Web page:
Mulling things on my morning ramble with Storm, the family's mixed Lab.
The Canada geese families were all over the south old clay pit this morning. It was a chance to check the wide range of goslings.
The big goslings, and I mean half the size of adults, born more than a month ago were all bunched on the west side.
A lone pair that hatched out late goslings a week or so ago were on the east side. When I tried to take their picture, all the other geese and goslings swam over in a mass protective formation.
They were close enough that I could count 20 big goslings and the two little ones. So far there has not been much predation on them.
It was a squirrelly morning. The meathead scattered several gray squirrels as we came off the porch, then charged and chased two up the neighbor's old gnarled elm.
Robins were out more this morning and so were lots of mourning doves, though they were cooing less than usual.
Squirrels were very active, I suspect because of the coming rain.
Growing up in the country, I learned to ``smell'' rain by the time I was teenager. I am sure it was just a combination of learned cloud and wind combinations with the feel of the humidity, but I could ``smell'' rain.
I suspect wild animals can, too. So they were active this morning ahead of the coming rain.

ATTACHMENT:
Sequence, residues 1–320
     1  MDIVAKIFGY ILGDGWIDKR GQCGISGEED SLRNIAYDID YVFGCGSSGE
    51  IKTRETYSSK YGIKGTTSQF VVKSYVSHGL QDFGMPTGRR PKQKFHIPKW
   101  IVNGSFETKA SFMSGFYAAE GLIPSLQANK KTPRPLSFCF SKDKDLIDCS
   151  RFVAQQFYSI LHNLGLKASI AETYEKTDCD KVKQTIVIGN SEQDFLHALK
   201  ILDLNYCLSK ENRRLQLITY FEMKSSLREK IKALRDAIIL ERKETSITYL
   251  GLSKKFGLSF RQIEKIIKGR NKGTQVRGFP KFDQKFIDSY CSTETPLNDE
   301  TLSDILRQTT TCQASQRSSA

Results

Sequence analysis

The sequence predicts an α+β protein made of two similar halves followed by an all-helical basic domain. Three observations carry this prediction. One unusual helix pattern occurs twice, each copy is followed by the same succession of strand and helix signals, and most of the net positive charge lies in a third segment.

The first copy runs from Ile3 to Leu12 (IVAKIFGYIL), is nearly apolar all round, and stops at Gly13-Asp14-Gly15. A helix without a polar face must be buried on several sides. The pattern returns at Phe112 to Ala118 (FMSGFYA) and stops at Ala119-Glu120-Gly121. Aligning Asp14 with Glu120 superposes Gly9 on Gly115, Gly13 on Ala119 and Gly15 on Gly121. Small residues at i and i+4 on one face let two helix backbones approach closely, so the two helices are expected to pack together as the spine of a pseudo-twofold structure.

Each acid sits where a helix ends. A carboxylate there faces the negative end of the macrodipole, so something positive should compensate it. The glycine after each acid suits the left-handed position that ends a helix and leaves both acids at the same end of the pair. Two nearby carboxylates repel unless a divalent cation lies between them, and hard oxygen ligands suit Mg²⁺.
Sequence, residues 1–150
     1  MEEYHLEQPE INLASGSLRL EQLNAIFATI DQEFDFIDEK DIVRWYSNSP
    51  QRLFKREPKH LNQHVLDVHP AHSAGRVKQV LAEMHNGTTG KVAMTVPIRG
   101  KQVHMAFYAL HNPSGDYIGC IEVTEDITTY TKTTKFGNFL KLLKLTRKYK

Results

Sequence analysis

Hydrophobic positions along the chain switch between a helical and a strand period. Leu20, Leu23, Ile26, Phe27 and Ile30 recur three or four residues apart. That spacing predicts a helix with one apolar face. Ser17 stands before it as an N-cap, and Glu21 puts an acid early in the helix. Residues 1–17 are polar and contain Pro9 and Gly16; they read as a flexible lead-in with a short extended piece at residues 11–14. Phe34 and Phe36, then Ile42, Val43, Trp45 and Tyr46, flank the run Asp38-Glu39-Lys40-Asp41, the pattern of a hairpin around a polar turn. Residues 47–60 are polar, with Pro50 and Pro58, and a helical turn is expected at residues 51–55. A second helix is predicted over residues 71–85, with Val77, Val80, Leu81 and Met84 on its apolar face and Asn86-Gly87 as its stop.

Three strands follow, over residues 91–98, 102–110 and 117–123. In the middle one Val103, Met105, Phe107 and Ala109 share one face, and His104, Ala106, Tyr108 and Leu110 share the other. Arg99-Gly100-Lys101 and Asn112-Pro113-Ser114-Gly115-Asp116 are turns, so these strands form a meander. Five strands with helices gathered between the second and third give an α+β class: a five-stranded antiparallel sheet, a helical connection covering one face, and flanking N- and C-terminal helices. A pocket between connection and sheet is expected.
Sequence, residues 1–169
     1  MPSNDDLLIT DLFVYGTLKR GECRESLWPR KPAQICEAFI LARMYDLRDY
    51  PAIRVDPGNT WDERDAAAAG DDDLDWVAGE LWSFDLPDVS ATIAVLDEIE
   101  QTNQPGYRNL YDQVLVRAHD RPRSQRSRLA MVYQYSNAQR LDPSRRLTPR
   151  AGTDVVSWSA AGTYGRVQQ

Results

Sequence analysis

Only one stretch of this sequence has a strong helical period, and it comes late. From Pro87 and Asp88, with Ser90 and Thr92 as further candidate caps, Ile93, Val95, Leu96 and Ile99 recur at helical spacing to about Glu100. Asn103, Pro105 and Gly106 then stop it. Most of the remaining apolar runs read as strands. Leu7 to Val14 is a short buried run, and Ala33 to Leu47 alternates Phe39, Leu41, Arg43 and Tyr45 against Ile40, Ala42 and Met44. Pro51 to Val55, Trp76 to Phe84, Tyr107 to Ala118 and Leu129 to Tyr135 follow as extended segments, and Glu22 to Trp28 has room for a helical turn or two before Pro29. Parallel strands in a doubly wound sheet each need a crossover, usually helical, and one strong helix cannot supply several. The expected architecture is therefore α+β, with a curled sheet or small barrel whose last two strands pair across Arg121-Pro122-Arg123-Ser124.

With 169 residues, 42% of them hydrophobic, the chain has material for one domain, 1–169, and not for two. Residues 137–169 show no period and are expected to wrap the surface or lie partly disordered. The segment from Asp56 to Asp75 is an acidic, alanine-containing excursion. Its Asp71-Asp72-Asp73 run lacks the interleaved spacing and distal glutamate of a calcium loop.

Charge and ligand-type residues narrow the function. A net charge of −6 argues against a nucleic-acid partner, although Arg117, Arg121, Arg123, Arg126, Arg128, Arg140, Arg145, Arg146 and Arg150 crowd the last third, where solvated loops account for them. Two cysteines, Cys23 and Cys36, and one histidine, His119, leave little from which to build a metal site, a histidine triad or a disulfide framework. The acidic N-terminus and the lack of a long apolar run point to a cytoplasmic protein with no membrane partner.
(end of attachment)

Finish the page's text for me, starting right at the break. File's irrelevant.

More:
I think my morning rambles with the meathead have revived my ability to smell rain.
It has been too long for an extended ramble. In the couple weeks since we stretched out to the two miles or so of the extended ramble, the red clover and remnant alfalfa mixed with grasses were waist-high in spots.
It was so high walking through them that I checked myself for ticks. And probably should do the same for Storm.
Because of the extended ramble, I heard again the trilling of red-winged blackbirds around the north old clay pit.
Storm found energy from the extended ramble and thought he earned a good swim to satisfy his inner Lab. So just past the bridge over the neckdown between the two pits, he took a long dip. I swear he was smiling.
Honeysuckle is nearly over. And the flowering of raspberries and blackberries is far along too. Soon enough I will be picking goodness on the morning rambles.
Near home, young doves were so innocent (foolhardy?) they allowed the meathead to walk within two feet of them.
Back home, Storm scattered gray squirrels like rice at an old-time wedding from under the bird feeder on our front ;porch and my wife's overflowing climbing rose.